It’s late June, and groups of young students are exploring the otherwise empty UNLV-TV studio, with some seated behind the anchor desk in cushy red chairs reading a teleprompter while others deliver fake weather forecasts before a green screen.
Could they see themselves occupying those seats for real one day?
The students, all identifying as Native American, had traveled from all across Nevada and as far away as Fort McDermitt on the Oregon border. They came for the university’s recently retooled Native Youth College Camp, the first since the COVID-19 pandemic began.
The four-day camp aims to spark in the Native youth a vision of themselves as college students. The agenda put students physically in spaces they can one day occupy, whether that’s in a sound booth in Greenspun Hall as a radio intern, in a residence hall debating current events with roommates, or in the Marjorie Barrick Museum of Art to get insights into how others see Nevada lands.
“Maybe they never would have seen themselves being on radio or being a journalist, but now they get the opportunity to come to UNLV and roleplay a bit and see what all of that looks like,” said Devan Harris, associate director for Early Outreach.
But the event was also designed to connect Native students from across the state — on and off reservation, rural and urban — with each other. It’s an early start on building networks amongst themselves. The camp also featured numerous Native American role models, such as American Indian motivational speaker Chance Lee Rush and artist Fawn Douglas, a UNLV alumna and current MFA student.
“Students need to be able to see themselves, see folks who have experienced success who look like them, who sound like them, and who have had experiences that are similar,” Harris said.
Partnering to Expand the Reach
After the pandemic forced a hiatus of the program, Harris reimagined the camp alongside her staff, the Nevada Department of Education, the Clark County School District, and other community partners.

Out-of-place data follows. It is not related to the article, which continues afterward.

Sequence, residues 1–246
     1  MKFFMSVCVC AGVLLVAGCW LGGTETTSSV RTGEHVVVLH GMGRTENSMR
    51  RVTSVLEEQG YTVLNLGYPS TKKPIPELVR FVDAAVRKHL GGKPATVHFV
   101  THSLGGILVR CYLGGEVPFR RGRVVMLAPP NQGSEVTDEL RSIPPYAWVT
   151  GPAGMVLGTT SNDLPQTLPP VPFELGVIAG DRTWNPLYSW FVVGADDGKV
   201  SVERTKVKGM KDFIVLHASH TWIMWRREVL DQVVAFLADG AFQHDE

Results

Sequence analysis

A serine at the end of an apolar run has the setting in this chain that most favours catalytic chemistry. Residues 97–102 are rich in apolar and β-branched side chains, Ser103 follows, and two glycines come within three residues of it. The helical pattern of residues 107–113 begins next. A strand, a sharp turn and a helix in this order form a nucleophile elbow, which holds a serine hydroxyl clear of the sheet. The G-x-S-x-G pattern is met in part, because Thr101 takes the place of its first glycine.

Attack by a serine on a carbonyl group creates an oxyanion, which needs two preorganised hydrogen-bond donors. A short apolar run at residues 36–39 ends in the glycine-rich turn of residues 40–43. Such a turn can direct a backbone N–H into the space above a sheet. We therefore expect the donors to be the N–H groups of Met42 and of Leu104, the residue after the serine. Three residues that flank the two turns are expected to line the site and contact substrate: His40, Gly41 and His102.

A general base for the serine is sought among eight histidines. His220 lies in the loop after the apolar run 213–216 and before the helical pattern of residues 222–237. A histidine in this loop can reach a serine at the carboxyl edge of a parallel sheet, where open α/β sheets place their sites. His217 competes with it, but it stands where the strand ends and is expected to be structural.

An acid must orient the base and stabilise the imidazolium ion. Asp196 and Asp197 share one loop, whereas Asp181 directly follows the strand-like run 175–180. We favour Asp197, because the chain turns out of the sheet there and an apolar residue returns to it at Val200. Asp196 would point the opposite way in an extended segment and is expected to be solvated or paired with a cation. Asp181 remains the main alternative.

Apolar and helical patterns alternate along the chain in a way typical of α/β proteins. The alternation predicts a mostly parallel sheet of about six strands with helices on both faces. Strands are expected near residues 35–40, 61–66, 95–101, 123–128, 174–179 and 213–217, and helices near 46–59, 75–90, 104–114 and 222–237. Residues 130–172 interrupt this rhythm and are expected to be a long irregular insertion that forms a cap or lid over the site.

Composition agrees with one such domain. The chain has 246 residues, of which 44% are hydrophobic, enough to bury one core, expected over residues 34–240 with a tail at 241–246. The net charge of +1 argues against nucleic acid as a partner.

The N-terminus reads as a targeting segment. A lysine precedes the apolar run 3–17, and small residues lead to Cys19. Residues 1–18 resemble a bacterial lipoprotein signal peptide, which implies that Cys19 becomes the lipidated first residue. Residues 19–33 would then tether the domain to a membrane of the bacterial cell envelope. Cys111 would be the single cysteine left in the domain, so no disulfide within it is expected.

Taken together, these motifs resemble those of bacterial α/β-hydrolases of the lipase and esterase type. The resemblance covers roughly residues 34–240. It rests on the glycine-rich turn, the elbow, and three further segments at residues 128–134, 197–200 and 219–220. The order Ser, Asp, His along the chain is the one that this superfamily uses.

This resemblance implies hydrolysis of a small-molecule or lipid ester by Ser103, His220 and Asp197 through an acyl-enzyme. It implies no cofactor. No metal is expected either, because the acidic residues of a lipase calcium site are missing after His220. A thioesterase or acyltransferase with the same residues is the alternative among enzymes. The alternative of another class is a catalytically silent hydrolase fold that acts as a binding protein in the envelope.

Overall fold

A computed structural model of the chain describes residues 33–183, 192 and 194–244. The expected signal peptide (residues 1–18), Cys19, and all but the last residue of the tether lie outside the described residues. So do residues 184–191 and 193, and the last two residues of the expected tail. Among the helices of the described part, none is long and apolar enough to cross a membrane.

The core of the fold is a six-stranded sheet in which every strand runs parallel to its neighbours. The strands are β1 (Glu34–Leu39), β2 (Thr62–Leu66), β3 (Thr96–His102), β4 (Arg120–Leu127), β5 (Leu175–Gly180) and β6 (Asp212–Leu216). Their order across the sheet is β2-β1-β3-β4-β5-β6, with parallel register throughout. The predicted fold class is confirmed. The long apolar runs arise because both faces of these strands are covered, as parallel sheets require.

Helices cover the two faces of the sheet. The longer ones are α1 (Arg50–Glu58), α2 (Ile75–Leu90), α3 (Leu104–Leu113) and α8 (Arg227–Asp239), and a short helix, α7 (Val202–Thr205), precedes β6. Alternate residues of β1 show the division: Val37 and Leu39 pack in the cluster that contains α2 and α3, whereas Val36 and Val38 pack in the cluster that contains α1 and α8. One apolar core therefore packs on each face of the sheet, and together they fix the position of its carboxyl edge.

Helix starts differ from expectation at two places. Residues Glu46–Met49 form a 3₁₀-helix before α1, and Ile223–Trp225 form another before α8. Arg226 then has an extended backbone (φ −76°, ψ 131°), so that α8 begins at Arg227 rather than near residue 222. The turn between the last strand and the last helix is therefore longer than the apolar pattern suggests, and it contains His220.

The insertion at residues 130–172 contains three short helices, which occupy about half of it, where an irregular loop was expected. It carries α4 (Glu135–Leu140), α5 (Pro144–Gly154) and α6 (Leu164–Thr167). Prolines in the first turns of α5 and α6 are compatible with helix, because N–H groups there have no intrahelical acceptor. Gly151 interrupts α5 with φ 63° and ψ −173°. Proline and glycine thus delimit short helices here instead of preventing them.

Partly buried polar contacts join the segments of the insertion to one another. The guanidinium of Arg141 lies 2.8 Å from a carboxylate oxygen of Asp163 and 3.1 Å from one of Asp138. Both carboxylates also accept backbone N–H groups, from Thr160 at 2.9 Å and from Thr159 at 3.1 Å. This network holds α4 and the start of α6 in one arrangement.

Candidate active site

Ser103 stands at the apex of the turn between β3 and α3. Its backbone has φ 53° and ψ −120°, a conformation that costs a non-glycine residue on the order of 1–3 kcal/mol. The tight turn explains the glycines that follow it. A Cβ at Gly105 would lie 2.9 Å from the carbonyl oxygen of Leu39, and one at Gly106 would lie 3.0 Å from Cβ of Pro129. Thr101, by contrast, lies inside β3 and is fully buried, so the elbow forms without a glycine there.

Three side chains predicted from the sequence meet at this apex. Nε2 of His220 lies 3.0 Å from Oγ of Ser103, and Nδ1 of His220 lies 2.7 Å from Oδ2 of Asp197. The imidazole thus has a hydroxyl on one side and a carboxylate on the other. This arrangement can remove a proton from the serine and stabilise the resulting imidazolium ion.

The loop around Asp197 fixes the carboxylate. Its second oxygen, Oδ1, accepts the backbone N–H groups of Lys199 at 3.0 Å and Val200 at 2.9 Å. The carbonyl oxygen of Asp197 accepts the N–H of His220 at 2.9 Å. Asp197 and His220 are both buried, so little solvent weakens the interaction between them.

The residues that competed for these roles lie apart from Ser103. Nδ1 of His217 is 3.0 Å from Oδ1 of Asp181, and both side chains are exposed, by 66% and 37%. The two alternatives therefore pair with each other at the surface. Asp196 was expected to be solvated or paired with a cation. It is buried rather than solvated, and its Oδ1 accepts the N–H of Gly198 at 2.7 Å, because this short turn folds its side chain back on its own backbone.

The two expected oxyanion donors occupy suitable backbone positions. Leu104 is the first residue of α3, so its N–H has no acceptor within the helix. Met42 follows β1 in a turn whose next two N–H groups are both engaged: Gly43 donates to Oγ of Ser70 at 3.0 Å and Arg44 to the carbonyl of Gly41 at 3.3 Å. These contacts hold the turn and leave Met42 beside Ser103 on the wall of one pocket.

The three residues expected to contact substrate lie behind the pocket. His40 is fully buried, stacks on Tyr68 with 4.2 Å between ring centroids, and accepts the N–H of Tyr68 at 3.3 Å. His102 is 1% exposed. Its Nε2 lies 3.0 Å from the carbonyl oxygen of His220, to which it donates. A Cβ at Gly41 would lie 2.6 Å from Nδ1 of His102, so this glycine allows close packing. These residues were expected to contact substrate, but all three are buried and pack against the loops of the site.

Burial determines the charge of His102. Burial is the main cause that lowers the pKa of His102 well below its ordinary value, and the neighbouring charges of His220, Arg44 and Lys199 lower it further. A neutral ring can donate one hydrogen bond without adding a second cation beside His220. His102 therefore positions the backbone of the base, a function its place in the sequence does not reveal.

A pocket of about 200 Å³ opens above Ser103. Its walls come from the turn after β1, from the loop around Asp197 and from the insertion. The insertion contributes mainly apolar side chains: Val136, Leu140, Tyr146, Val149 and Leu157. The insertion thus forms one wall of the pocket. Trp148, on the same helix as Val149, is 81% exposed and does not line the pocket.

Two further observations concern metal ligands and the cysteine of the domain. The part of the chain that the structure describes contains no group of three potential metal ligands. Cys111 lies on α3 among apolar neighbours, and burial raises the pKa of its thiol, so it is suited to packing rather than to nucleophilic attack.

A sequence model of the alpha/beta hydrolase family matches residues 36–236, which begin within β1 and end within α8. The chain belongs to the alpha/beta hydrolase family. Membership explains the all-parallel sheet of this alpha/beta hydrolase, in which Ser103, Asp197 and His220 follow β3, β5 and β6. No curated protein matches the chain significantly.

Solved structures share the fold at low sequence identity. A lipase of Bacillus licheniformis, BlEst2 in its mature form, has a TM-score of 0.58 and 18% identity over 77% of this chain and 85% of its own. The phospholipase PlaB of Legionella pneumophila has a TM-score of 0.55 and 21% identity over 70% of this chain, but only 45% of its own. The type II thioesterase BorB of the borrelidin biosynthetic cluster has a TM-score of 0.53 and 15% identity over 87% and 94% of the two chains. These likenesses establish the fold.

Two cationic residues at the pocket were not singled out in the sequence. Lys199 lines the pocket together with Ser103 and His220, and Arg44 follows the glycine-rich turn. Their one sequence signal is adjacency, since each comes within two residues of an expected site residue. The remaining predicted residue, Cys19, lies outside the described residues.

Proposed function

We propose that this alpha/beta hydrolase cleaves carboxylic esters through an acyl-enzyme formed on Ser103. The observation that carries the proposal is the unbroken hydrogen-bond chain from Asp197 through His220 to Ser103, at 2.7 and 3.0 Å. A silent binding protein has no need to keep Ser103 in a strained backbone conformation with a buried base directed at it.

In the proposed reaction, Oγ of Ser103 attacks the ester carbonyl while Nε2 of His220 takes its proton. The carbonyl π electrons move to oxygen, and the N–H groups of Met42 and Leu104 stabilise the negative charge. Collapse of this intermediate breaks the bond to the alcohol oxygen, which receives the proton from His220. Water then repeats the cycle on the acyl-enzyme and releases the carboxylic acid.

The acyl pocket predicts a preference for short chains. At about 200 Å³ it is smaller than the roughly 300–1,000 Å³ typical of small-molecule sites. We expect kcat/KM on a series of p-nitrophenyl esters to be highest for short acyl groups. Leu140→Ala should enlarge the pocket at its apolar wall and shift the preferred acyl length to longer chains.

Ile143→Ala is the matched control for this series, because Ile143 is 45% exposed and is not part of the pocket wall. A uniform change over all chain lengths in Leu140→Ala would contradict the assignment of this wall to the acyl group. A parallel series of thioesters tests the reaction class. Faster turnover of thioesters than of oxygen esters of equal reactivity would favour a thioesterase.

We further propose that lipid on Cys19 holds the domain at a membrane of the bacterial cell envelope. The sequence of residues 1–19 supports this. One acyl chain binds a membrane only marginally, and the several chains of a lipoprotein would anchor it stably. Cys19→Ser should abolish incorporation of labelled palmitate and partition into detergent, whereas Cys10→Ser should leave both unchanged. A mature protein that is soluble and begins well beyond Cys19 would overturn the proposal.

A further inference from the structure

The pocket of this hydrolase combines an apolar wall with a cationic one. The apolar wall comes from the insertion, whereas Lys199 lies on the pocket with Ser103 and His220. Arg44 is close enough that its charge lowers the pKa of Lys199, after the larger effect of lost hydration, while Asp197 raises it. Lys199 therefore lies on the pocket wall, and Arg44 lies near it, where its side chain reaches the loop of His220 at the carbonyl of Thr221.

This was the first year UNLV’s Early Outreach program within the Office of Admissions spearheaded the camp. And, rather than simply show students what college can offer, she sought out a deeper understanding of what young students said would best help them.
Last spring, Harris assigned undergraduate social work major Sarah Mae Agbilay to conduct and compile research on the daily lives and post-secondary educational challenges facing Native American youth across Nevada. Her interviews and research formed the basis for some of the changes made to the programming. “We really have a better picture of what those barriers are that are facing Native American youth pursuing higher education, and that’s exactly where Early Outreach comes in,” Harris said.
Agbilay’s research ultimately found a lack of college and career awareness/readiness and a very limited knowledge of post-secondary life, particularly for Nevada’s Native students living on reservations. There were also misconceptions of Las Vegas living, cultural differences from life in a tribal community, and misconceptions about college costs, scholarships, and financing options.